SRCS, GTA to implement bird guide accreditation programme

The South Rupununi Conservation Society (SRCS), in partnership with Guyana Tourism Authority (GTA), is currently working towards implementing a bird guide accreditation programme to provide local, national, and international accreditation for bird guides throughout Guyana.
The SRCS is also collaborating with stakeholders to help design and pilot the programme, which is anticipated to be launched by the end of July.
One of the fastest-growing sectors within the global tourism industry is avitourism, also known as bird-watching tourism. Worldwide, it has been estimated that US$9.3 billion is spent on the industry annually and the number of people engaging in avitourism has been increasing year-on-year.
Guyana is considered to be a global birding hotspot and is home to over eight hundred species of bird including the Red Siskin, Sun Parakeet, Hoary-throated Spinetail, and the Rio Branco Antbird.

A team of persons during a meeting of the accreditation programme

Each year Guyana attracts hundreds of thousands of tourists, many of whom visit the country specifically to spot these unique birds. With the growth in tourism in Guyana, the country has also seen an increase in tour guides who assist tourists to witness the beauty of our environment, wildlife, and culture.
Over the years, these tour guides have benefited from multiple training sessions by the GTA to help bolster the skills needed to meet the international standard of tour guiding.
In addition, the GTA has also helped to regulate the sector by creating a tour guide licensing system to ensure that the individuals leading national and international tourists around Guyana are qualified and approved to do so.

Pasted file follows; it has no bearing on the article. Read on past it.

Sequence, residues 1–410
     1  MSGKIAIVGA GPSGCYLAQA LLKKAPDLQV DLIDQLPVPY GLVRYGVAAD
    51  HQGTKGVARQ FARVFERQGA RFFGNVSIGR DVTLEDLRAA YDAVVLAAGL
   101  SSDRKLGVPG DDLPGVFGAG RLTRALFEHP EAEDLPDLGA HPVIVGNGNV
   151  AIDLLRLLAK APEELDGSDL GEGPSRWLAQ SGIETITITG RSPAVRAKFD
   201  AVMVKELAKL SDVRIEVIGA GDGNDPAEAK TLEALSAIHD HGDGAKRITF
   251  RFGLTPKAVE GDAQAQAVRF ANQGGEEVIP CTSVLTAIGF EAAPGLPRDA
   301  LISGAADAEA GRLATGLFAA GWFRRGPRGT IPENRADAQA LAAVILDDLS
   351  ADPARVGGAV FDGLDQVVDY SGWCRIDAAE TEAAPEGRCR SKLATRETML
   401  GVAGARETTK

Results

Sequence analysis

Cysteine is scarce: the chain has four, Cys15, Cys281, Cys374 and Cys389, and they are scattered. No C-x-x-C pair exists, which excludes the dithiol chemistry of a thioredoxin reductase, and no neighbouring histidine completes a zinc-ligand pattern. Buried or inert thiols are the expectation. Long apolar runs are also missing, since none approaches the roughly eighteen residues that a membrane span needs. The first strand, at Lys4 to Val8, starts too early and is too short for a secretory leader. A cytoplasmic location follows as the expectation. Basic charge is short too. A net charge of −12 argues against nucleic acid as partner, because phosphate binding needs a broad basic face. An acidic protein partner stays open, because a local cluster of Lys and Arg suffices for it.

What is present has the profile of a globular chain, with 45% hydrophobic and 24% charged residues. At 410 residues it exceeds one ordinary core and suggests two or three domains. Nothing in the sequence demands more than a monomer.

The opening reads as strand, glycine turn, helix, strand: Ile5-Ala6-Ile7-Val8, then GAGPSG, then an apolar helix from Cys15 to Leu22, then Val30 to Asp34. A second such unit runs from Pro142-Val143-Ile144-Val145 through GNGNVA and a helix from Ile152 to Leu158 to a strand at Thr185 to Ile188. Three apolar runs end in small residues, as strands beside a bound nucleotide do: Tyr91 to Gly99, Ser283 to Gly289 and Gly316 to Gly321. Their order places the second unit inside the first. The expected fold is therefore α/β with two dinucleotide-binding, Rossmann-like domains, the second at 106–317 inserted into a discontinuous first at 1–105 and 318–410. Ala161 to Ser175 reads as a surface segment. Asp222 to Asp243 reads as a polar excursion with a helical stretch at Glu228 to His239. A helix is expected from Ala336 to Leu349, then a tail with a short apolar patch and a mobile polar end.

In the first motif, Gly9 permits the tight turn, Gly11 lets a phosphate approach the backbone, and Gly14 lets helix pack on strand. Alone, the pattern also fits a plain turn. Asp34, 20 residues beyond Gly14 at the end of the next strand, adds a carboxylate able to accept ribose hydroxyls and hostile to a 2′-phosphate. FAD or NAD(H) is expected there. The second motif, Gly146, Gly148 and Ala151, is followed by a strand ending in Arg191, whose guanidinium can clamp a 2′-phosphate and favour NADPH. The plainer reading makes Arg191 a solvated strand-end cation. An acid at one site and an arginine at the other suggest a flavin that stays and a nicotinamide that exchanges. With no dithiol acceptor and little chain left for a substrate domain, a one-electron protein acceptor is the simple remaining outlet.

However, whilst the tour guide licensing system is essential and beneficial, it does not distinguish bird guides from other tour guides who do not specialise in bird guiding.
As a result, bird guides currently are unable to receive the recognition that they merit for their bird-spotting skills and abilities. Also, tourists find it difficult to identify bird guides who meet the standard they require for their trips or to find high-quality bird guides who do not have a good online presence.
According to the Programme Coordinator of the SRCS, Neal Millar, the idea to implement this programme was birthed from conversations with several rangers who work on wildlife research and monitoring projects throughout the Rupununi.
“This idea was created through conversations with our rangers who work on wildlife research and monitoring projects throughout the South Rupununi. They stressed that they have a lot of knowledge and are passionate about birds but have no formal qualification that they can use to seek further employment. We therefore thought this Accreditation Programme could give them something to work towards and could fill this gap,” Millar explained.
To begin the process of creating the Accreditation Programme, SRCS facilitated an initial workshop with relevant stakeholders including the GTA, Leon Moore Nature Experience, Ron Allicock Bird Tours, and Visit Rupununi where suggestions were made on the design and process.
According to the SRCS, there are numerous proposed benefits of creating an Accreditation Programme for bird guides in Guyana.
“The first is that it will help to identify and recognise the experienced, skilled, and qualified bird guides in Guyana. Secondly, it will hopefully attract more bird watchers to Guyana and improve their confidence in knowing that their bird guides have been accredited. Third, there are many people interested in tourism and bird guiding that do not have the qualifications to pursue a traditional degree or diploma, this programme will therefore give those individuals the opportunity to receive accreditation without needing a secondary-level education or higher education,” Millar added.